Working from home not only limited our freedom of movement, but also led to longer working hours, with people sitting in one position for long hours. This not only causes stiffness in the body, but also leads to pain and rise with hunched shoulders.

dr. Yash Gulati

Working from home usually meant working from beds or armchairs rather than actual desks. How has this affected the attitude of most people during the pandemic?
Working from home not only limited our freedom of movement, but also led to longer working hours, with people sitting in one position for long hours. This not only causes stiffness in the body, but also leads to pain and rise with hunched shoulders. At work, small activities such as walks to the water cooler and lunch breaks allowed for adequate mobility, flexibility and seamless blood circulation in the body. However, the form of working from home took that away.

As a result, increased screen time and lack of proper workstations have put enormous strain on the spine, resulting in long-term discomfort. In the long run, increased upper body tension can cause us to bend out of shape.

What are the concerns for poor posture and problems that arise from it, especially with regard to the neck, shoulder, head, back and arms?
Prolonged incorrect posture not only gives you severe back pain, but can cause long-term complications as serious as spinal or musculoskeletal disorders. Some common but serious problems arising from poor posture include:

Back pain, stiffness in the neck and shoulder: Pain and tension in your upper back, neck and lower back can be caused by limp or poor posture. This can limit ease of any kind of movement and cause discomfort. It is important to understand that if someone is going through this pain, they should not try to correct it themselves, but should consult an expert who will suggest appropriate exercises and medications.

Poor circulation: Sitting in one place for long periods of time every day puts you at risk for circulatory problems.
Heavy breathing: When a person leans forward for a long time, the lungs do not get enough oxygen which can adversely affect the lungs. This can cause poor cognitive function, shortness of breath and even cardiovascular disease.

Spine misalignment: The position of the spine is affected by poor posture. Complications such as muscle spasms and spinal misalignment are common in people who constantly have poor posture and it can also cause injury.

A Curve of the Spine: You have a few essential spine curves that are in your upper to mid back, lower back and neck. Long-term poor posture disrupts the spine’s natural curvature, which can have multiple health complications. The above problems arise from poor posture; so make sure to emphasize good posture.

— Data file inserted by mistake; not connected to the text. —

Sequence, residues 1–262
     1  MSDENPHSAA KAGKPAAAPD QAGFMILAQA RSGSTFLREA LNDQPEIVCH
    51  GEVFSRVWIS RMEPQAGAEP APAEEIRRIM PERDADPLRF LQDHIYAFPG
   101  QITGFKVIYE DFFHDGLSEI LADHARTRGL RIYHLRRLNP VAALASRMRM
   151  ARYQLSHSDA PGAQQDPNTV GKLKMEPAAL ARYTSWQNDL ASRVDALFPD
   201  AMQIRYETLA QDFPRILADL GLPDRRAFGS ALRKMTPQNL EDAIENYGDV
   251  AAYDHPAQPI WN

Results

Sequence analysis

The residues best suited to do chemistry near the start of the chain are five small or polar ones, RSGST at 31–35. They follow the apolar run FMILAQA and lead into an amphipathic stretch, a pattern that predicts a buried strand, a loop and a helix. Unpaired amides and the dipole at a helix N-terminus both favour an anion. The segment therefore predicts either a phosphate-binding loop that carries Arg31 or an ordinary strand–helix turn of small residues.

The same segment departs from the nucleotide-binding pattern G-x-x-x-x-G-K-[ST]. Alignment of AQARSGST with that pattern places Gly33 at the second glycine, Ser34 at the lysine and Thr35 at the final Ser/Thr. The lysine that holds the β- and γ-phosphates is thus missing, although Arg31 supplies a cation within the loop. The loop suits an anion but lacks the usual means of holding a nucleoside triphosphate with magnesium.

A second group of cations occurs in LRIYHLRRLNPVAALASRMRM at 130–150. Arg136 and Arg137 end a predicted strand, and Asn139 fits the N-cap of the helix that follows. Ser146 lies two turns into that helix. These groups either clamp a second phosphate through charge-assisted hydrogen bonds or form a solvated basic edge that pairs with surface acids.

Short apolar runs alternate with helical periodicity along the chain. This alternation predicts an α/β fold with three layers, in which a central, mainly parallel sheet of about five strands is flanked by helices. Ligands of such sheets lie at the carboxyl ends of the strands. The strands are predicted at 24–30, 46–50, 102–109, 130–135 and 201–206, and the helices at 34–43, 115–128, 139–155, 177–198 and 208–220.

How can people who return to the office get used to furniture?
There are some simple things you can do to make your office furniture fit for your back health:

Sit up straight while working on your laptop and make sure your chair has a backrest.
Make sure your feet are resting on the floor and not hanging in the air, adjust the height of your chair accordingly.
Always keep your wrist straight and use your arms, elbow and shoulder for movement.
Adjust your mouse, laptop screens so that you don’t have to bend or hang to reach them.
Do not cross your leg while sitting on the chair, as you are more likely to slump in that position.
Make sure your chair is pulled into your table, as that automatically forces you to sit up straight.

Are there any basic exercises you can do in the office to prevent muscle strain?
Victory V: This stretch works wonders when it comes to releasing stress and relaxing the muscles. One can remain seated or standing during this stretch; all you have to do is raise your hands above your head, creating a V sign. Then straighten your body so that you touch the ceiling above you. Hold this stretch for 10 seconds and then slowly release.

Master Balt: The easiest way to maintain mobility in the muscles and also strengthen them, this exercise is simple yet impactful. Whether sitting or standing, tighten your grip, hold for five seconds, and then slowly release. Repeat this 10-15 times a day.

Seat dips: Move to the front of the seat so that your arm rests on the edge of your seat. Place your hands on the armrest of the chair for support and dip your lower body off the chair. Repeat this at least five times and it will help align the spine.

Wall sit: Put your back against the wall and sit as if you were sitting on a chair while balancing your body in that position. Bend your knees with the thighs parallel to each other and slide up and down the wall. This helps create endurance by building muscle strength.

Do balms and sprays help and should they be used indiscriminately?
Balms and sprays can help relieve pain temporarily, but proper medication and exercise under the guidance of the doctor is advised for complete care.

In addition, working from home and the associated confinement in one place has also led to limited sun exposure. This, in turn, has exacerbated the problem of vitamin D deficiency, which causes bone pain and fatigue that can lead to long-term complications such as osteoporosis.

dr. Yash Gulati is Senior Consultant, Orthopedics, Joint Replacement and Spine, Indraprastha Apollo Hospitals, New Delhi

This post Maintain correct posture: An orthopedic surgeon will provide tips and exercises for correct posture when we return to the office

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